That conclusion was reported to GE Healthcare on June 1, 2004, but the company failed to relay the information as required, the Danish Medicines Agency said in its May letter. In addition, the agency said a follow-up report from GE Healthcare, while noting several of Madsen's adverse reactions, was insufficient because it did not repeat the state insurance agency's finding that she died from an embolism due to being immobilized.
DeMarrais, the GE spokesman, said that at the time, the company's drug safety experts had a different understanding of Madsen's death.
"Our filings regarding the case in question reflect that, as of 2004," DeMarrais wrote, the drug safety unit "had not concluded, based on the information available at the time and in good faith, that the patient's death had been caused by the adverse event that had been linked to the administration of Omniscan, but rather by a pulmonary embolism occurring during a protracted medical course following the patient's adverse reaction."
In its May letter, the Danish Medicines Agency said it had combed its files and could find no report from GE about Madsen in June 2004. DeMarrais, however, said the company believes a report was sent that month "at the same time as it was sent to other regulators, as confirmed by the FDA's receipt of this filing."
At ProPublica's request, Conor McKechnie, another company spokesman, provided a copy of the FDA filing with Madsen's name and some other information redacted. (The filing was on the letterhead of Amersham Health, the British maker of scanning drugs that GE acquired in late 2003 and early 2004.)
The filing references "new information" from the Danish insurance agency and states that the patient involved "suffered pulmonary embolism due to immobilization and died." But it does not quote the insurance agency's conclusion that "pharmaceutical injury" was to blame for Madsen's immobility.
McKechnie said the FDA filing is accurate and mentioned immobilization, the embolism and death. DeMarrais said GE Healthcare also has submitted half a dozen more supplemental filings on the case over the last six years. "It would be a mistake," he added, "to attach unwarranted significance to this particular case at this juncture."
"It is our position that, consistent with the relevant health risk communication protocols, we provided complete and timely reports to the DMA and other global authorities regarding the adverse events associated with Omniscan that were reported to us," DeMarrais said in his e-mail.
Dr. Sidney Wolfe, director of the health research group at the consumer watchdog organization Public Citizen, said GE should have been more forthcoming in 2004.
"Incomplete and misleading reports such as this undermine the ability of the government to make decisions more quickly to improve the public health," said Wolfe, who is on an FDA advisory committee that late last year reviewed Omniscan and other contrast agents.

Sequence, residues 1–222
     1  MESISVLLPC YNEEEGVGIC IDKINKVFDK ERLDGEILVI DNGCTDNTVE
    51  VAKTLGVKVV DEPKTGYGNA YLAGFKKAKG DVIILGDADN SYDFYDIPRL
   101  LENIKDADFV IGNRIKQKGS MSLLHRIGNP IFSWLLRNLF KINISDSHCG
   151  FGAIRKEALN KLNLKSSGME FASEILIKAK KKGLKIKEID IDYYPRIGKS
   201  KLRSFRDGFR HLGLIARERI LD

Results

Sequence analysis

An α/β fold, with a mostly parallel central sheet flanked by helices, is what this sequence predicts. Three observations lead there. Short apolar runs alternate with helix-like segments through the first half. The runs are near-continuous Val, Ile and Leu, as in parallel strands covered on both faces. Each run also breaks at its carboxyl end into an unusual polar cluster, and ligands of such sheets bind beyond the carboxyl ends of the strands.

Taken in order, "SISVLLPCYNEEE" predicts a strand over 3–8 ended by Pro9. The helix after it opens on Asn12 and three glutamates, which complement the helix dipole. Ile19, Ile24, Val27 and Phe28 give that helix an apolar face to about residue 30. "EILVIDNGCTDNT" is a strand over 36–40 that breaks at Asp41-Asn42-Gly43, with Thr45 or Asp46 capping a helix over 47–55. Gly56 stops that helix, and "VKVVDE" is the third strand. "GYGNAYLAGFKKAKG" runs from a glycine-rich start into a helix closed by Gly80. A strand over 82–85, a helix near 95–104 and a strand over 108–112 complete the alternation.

In May 2006, following the disclosure of 20 NSF cases in Copenhagen, GE Healthcare issued a safety alert to the DMA and regulators around the world. It discussed the new cases and attached a brief description of each one. In the section involving Madsen, the company reported her death as "unrelated to Omniscan."
By 2007, at the urging of regulators, the manufacturers of gadolinium-based agents put warnings about NSF on their labels. Three years later, much about the disease remains a mystery, including the exact cause. Patients experience a painful hardening or thickening of skin around the joints. The disease can be disfiguring and may attack internal organs.
As of last fall, the Patientforsikringen had reviewed 38 cases in which people exposed to Omniscan had suffered injury or death. In 26 cases, the insurance agency determined that GE Healthcare's drug was the likely cause, according to a spokesman. In those cases, including Madsen's, the agency made payments to the victims or their relatives.
GE Healthcare has the opportunity to appeal the insurance agency's decisions but has not done so, the Patientforsikringen spokesman said in an e-mail last fall. McKechnie said the company did not appeal because it was not a direct party to the agency's decision.
DeMarrais said the company would respond to the Danish Medicines Agency's finding of a reporting violation, which can be appealed.
Madsen's name is redacted in the May 21 letter from the agency, but it was confirmed by her son and by matching the details in the letter with other public information.
A rare disease linked to MRI scans has left GE fending off claims of liability.
The Story So Far
General Electric is in a liability fight over a rare and sometimes fatal disease that has been linked to a dye used for MRI scans, with a preponderance of cases involving a GE product called Omniscan.
The disease, nephrogenic systemic fibrosis, or NSF, isn’t fully understood, but nearly all cases have involved patients with kidney problems who were injected with MRI contrast agents.